China to Build Yangtze River Dolphin Reserve

A plan to build a nature reserve for freshwater dolphins, including one of the rarest dolphins in the world, has passed technical evaluation.

According to the plan, put forward by the Zhenjiang municipal government and Jiangsu Provincial Marine and Fisheries Administration, the reserve will be located in the Zhenjiang section of the Yangtze River, the world's third-longest.

The reserve will cover 43.4 square km. It will be built in an area where the water flows slowly and part of the reserve is backwater zone with sufficient natural foodstuffs and little human activity.

White-flag dolphins and other dolphins have been found from time to time in the area of the planned reserve.

The white-flag dolphin, described by experts as a "living fossil" and native to China, has been listed by the Chinese government as one of the most endangered species in the country. Experts believe that its total population is less than 100.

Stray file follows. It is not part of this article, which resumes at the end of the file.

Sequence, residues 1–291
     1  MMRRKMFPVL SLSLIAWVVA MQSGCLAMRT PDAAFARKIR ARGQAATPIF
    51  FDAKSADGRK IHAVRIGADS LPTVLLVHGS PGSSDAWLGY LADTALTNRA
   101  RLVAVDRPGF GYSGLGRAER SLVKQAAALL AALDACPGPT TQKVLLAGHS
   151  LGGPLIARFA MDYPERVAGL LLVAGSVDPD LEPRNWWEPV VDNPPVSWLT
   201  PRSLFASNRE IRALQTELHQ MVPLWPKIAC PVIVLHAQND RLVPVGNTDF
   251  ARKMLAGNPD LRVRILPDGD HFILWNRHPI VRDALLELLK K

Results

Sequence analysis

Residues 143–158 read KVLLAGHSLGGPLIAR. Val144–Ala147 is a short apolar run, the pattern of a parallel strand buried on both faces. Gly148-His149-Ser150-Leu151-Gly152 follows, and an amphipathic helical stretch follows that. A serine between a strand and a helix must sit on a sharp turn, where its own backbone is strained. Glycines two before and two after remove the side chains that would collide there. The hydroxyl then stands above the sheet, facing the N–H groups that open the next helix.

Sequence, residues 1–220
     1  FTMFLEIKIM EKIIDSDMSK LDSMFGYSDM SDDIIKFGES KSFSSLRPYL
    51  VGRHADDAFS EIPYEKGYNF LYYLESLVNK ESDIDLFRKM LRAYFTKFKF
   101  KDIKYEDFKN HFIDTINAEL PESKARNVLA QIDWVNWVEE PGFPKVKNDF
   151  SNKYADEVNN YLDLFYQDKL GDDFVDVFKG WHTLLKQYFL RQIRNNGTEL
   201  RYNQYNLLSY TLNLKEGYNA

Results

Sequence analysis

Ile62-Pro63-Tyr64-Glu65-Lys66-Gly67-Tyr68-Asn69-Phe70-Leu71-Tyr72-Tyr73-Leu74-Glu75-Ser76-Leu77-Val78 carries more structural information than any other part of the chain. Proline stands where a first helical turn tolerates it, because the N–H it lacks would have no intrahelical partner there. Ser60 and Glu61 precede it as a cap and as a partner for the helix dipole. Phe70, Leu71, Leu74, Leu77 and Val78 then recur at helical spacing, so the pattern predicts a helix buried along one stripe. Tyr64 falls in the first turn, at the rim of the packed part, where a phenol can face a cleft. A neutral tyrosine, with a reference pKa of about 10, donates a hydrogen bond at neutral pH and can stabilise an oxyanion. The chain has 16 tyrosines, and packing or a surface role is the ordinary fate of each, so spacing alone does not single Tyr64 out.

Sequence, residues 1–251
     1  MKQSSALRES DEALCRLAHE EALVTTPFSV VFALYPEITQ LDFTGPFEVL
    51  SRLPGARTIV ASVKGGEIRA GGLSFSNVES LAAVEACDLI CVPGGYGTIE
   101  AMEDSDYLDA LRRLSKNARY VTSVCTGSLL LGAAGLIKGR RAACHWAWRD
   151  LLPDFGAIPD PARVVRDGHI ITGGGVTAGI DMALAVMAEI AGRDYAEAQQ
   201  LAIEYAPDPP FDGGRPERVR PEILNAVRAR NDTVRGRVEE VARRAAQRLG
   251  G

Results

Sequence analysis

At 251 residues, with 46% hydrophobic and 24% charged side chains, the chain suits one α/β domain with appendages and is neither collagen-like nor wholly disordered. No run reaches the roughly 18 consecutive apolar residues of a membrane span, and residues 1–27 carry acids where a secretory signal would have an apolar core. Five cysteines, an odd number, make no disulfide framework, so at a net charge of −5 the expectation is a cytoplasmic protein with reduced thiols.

Local officials said the planned reserve will be good for protecting the freshwater species and conducive to the research and protection of the diversity of aquatic wildlife.

Earlier this year, the government of neighboring Anhui Province established the country's first reserve for Yangtze River white-flag dolphins, in Tongling.

(Xinhua News Agency December 11, 2001)

In This Series

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White Dolphins Appear in South China Sea

China's Largest Freshwater Lake Paradise for Birds

More Protection for Endangered Manchurian Tiger

100,000 People Make Room for Wild Animals

Thousands of Mongolian Wild Donkeys Migrate to China

Shanghai to Build 15 Wildlife Reserves

World's 1st Two Artificially Inseminated Dolphins Born in HK

Yunnan to Build Rare Tree Reserves

State Acts to Save Dolphins From Extinction



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